Mayfields Lavender Farm, August 2020

So I’ll start by saying I don’t actually have experience with diagnosed PTSD in my line of work, but I do have experience to share and it may resonate with those of you who have had a traumatic medical issue or event.

2 years ago, I had a procedure that went very wrong. The nerve ablation to my SIJ which had worked so well twice before, this time caused my bones to swell up so much that a few weeks later I could no longer walk. I can’t describe the pain, but it lasted intensely for 6 weeks (2 of those I was hospitalised with morphine every 4 hours not making a dent), and then I spent 2 months regaining the ability to walk unaided. No-one knew if it was an infection or caused by AS (ankylosing spondylitis). Frankly, I am still unsure and have had a number of different opinions.

That excruciating August weekend when I was helped into A&E by an Uber driver (I was refused an ambulance even when I explained I had lost the use of my legs!), I had actually planned a nice day out with some friends to visit the lavender farm in Surrey… yesterday I made it there and it felt lovely.

I didn’t think about post trauma until much much later as I was SO focused on just getting better, but I’ve seen people have physical relapses almost a year to the day post injury and there’s no doubt our bodies remember. In my work with post-natal clients I am often struck as to how massively traumatic incidents during birth are skirted over as just ‘something that happened’ and then we wonder why the body takes longer than expected to heal. We need to talk about this and take it seriously, but not dwell at the same time. 

I’m careful to remember what happened to me and recognise that I may have an emotional wobble or a bit of a flare-up around the anniversary, but equally I don’t want to train my thinking that this WILL happen. It might not, and I hope not. On the worst days of that time, I was alone in hospital, having an MRI and/or CT scan was truly the most harrowing thing I have experienced as laying flat was so painful for me I was crying, shaking and going into shock and I had to stay still for 45 minutes or more. Only the radiographers saw this and so it’s hard for those around me to understand just how bad it was. Some of the stories I have heard from my post-natal clients have also been truly distressing and often recounted with a very matter-of-fact attitude as if it was supposed to be normal. As if coming close to death while in excruciating pain was in some way to be expected and then you just get on with life!! Similarly, I was discharged from hospital (still requiring full care as I was not even mobile enough to turn on my side, let alone get into the bath) and received no medical assistance or follow up help… thank goodness for Mum! If I did have the suspected infection, sceptic arthritis in joints is extremely dangerous and up to 60% of older people who contract this sort of infection die. I’m glad I didn’t google this at the time!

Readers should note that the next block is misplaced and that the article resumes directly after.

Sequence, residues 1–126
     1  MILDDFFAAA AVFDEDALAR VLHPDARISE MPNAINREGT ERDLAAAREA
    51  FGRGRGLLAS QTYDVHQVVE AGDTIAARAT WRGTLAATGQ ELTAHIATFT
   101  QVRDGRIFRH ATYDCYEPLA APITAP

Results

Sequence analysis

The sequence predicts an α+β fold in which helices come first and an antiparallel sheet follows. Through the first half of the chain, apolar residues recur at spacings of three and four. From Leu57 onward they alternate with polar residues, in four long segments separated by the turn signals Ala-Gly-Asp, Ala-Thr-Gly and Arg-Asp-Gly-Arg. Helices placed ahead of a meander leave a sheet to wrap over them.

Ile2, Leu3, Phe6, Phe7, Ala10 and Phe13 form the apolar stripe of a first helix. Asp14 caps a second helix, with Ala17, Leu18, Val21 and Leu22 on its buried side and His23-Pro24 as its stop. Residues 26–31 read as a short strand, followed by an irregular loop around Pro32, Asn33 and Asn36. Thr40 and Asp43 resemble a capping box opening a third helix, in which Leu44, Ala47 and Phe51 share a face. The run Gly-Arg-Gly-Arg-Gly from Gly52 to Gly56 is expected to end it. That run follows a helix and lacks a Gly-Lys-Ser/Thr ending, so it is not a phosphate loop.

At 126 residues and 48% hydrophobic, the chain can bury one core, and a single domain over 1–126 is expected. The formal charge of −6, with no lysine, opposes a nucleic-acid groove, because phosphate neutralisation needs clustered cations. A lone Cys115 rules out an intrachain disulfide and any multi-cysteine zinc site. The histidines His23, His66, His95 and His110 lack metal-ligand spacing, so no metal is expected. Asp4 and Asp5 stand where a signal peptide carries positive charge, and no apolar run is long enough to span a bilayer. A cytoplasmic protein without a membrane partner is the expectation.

It takes some time to get your head around this sort of information. It takes time to recover from experiencing the sort of pain most people cannot imagine, let alone the recovery from the physical effects of what caused it. The psychological left-over from this sort of trauma must not be glossed over and as I say, although we don’t want to keep thinking about it and re-traumatise ourselves, we need to process it in order to move on. I think it is very important to allow ourselves to recognise just what happened to us but I think it is more important to realise we are now safe and cannot change these events. We also may not be able to rely on our memory 100% so we must look forwards with the benefit of our learned experience so as not to get stuck at that point of struggle. I do not think talking constantly about the details helps us to move forward, so once it has been recognised, we must work on letting go and not allowing triggers to remain.

It’s hard to say if the aching I have in my body today is the result of driving for a couple of hours, too much sugar or if it’s the time of year. Either way, I’m doing better than expected and I hope next year that I won’t even remember the date!